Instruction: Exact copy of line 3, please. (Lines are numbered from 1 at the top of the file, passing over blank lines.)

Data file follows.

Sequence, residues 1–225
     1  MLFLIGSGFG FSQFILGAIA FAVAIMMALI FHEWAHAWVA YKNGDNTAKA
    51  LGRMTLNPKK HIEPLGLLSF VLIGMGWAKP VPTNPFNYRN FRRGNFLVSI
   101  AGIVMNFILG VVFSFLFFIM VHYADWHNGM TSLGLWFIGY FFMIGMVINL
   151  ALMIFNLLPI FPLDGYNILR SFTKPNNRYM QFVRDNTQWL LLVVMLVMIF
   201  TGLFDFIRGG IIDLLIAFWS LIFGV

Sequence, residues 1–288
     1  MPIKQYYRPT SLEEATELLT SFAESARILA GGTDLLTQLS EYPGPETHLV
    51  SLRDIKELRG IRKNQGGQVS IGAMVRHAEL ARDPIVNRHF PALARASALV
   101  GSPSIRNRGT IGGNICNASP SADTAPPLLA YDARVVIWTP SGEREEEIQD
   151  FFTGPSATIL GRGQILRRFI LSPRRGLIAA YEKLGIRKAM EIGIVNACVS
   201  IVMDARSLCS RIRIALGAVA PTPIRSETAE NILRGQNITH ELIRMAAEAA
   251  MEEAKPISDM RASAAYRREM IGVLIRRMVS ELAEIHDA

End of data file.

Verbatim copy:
    51  LGRMTLNPKK HIEPLGLLSF VLIGMGWAKP VPTNPFNYRN FRRGNFLVSI